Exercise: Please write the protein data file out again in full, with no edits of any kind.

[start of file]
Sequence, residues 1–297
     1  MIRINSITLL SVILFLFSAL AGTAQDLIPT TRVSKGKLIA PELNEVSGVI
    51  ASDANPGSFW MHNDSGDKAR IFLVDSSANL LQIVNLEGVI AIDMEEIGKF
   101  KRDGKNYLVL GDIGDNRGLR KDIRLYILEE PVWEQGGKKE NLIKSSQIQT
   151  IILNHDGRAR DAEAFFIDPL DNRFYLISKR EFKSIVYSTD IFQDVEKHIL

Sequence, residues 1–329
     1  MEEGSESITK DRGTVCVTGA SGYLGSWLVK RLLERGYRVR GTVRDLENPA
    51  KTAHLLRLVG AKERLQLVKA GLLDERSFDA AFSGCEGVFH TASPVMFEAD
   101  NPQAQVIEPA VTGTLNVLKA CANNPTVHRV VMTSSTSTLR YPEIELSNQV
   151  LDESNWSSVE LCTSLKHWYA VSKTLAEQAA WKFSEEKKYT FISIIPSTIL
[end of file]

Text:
Sequence, residues 1–297
     1  MIRINSITLL SVILFLFSAL AGTAQDLIPT TRVSKGKLIA PELNEVSGVI
    51  ASDANPGSFW MHNDSGDKAR IFLVDSSANL LQIVNLEGVI AIDMEEIGKF
   101  KRDGKNYLVL GDIGDNRGLR KDIRLYILEE PVWEQGGKKE NLIKSSQIQT
   151  IILNHDGRAR DAEAFFIDPL DNRFYLISKR EFKSIVYSTD IFQDVEKHIL

Sequence, residues 1–329
     1  MEEGSESITK DRGTVCVTGA SGYLGSWLVK RLLERGYRVR GTVRDLENPA
    51  KTAHLLRLVG AKERLQLVKA GLLDERSFDA AFSGCEGVFH TASPVMFEAD
   101  NPQAQVIEPA VTGTLNVLKA CANNPTVHRV VMTSSTSTLR YPEIELSNQV
   151  LDESNWSSVE LCTSLKHWYA VSKTLAEQAA WKFSEEKKYT FISIIPSTIL